The Projector House is on a small lot with 100ft of lakeside waterfront and majestic mountain views beyond. CULTiVation Design was tasked to design the Projector House to isolate the best views while diffusing the periphery sight lines. The architects achieved this by creating cones of vision that use the lake’s horizon as the picture plane and, much like a projector, the views are framed by the home’s architectural elements. Also much like a projector, the views open up, expanding conically the closer one gets to the framed views and by creating this static relationship, the lake and the mountains take center stage, remaining the focus while all else fades from focus.
The smaller building is set back quite a bit from the main building which offers quite a bit of privacy to the interior volumes, even though they are completely covered in glazings.
The front of the house, while presenting a closed and private facade still manages to focus on the views beyond by the innovative view corridor that slices the home in two with the exception of a 2nd storey bridge. The choice of a deep greenish grey stain on the homes siding also allows the brilliance of the lake “pop” and be the main focal point while the home itself fades into the surrounding greenery.
As much as the bridge accentuates the view corridor from the front of the home, so to is the same view accentuated from on the bridge and while the terrace off of the social zone wraps around the side of the home, it is barely noticeable when looking past it to the lake, it does however offer a communication post to the two 2nd storey outdoor zones.
The main part of the home is taller, wider and deeper then the smaller segmented portion giving the home a fat L shaped footprint.
The Tree line between the lake and the home shields the exposed interior volumes as well as the outdoor living zones from those using the water whether by kayak or by sailboat.
From the deck, the trees don’t inhibit the views at all and they even offer the perfect place to string a hammock.
The living room is positioned on the waterside of the home against the outside wall beneath the lowest point of the roof. This location creates a steep inclined ceiling covered in exposed beams. The beams and the wood clad wall create a continuum with the trees just outside the window, allowing the brilliant blues of the lake, mountains and sky to be the main focus. Had the walls been blue or green, the trees would have dominated the view.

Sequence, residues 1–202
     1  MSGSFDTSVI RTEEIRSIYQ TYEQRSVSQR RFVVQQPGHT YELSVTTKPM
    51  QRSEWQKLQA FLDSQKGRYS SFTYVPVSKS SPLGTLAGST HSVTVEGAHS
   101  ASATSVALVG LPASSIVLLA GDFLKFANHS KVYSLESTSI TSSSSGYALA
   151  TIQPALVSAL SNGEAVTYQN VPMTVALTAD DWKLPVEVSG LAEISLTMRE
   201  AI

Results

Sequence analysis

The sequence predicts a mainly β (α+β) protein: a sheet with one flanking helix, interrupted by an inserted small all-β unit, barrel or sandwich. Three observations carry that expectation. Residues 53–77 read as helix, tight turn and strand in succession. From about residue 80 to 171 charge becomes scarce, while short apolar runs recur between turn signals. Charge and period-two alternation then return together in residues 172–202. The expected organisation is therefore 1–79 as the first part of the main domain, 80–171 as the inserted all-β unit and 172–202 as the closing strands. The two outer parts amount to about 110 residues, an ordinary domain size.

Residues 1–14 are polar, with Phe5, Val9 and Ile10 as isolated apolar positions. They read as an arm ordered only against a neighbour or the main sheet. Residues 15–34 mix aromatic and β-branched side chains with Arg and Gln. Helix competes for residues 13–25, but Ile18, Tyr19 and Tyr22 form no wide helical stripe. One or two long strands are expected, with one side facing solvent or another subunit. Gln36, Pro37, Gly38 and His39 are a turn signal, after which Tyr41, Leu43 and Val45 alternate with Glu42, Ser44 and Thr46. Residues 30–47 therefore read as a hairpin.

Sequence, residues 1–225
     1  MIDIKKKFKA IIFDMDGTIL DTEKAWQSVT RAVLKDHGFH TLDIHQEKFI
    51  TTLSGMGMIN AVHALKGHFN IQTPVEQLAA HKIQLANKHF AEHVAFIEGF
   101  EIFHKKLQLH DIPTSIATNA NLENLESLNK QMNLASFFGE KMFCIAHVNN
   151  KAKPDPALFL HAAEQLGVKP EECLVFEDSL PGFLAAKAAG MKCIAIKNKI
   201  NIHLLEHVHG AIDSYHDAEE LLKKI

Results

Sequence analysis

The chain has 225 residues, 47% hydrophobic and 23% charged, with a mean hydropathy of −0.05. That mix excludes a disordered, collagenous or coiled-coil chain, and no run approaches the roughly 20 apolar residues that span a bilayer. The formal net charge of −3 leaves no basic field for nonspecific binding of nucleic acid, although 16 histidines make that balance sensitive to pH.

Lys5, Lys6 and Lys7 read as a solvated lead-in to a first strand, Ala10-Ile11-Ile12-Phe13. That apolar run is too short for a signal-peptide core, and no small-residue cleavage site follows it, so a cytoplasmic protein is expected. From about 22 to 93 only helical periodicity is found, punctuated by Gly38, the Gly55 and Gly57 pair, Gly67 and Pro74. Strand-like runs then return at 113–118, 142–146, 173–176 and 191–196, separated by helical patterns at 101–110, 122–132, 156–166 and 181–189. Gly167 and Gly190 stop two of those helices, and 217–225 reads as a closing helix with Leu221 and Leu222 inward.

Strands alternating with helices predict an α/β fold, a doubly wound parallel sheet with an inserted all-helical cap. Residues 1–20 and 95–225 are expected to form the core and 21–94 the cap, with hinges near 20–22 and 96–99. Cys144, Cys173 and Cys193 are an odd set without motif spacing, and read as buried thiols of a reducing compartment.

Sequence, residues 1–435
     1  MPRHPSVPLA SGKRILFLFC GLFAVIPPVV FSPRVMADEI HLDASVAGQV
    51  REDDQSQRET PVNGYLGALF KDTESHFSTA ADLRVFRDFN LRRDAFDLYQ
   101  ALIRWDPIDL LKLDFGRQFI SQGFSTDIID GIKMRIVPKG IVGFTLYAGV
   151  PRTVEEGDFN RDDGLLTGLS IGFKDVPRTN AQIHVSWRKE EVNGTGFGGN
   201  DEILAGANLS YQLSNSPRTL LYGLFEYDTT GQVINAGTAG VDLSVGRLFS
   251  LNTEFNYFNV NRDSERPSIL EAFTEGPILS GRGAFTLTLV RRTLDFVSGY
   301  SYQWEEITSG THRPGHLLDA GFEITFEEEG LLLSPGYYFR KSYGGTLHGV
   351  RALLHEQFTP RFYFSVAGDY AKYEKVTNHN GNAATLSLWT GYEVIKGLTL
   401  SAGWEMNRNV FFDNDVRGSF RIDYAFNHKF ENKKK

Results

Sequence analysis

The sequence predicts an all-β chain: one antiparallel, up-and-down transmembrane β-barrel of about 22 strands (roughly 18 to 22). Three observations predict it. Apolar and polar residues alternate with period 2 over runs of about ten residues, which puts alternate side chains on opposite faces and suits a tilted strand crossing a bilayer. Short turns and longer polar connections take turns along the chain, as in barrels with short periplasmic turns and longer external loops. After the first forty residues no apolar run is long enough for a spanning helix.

The living room has outdoor access on both sides with French doors leading out to the deck and a single door leading out to the side of the home. This side door offers the easiest passage of firewood for the wood-burning stove located next to it.
On the other side of the wood burning stove is another door leading to the side of the home and opposite it is a beautiful steel staircase with and open tread design and solid wood treads. The lines of the beams, horizontal wood wall screen, solid wood treads and steel balustrade all create a multitude of linear formations that helps diffuse the vertical tree trunks just past the deck.
The kitchen is positioned on the front of the home, behind the living room. Two small cube windows overlook the front yard with the stove positioned in such a way that the hood creates a vertical detail between the two windows.
While the cabinets and counters are all shades of grey, the backsplash is made from 1×6″ pale wood boards. This pale wood detail is also used on the island’s butcher block counter and on the bar stools. Had the wood all been the same mid tone as the ceiling, the room would have felt heavy and claustrophobic.
While the windows flanking the stove are too high to look out of, the windows above the sink and at the end of the counter offer views to the side yard. All four windows make sure the room is filled with natural light.
A hand blown clear glass light pendant suspended over the sink adds an organic free flowing shape to an otherwise precise space.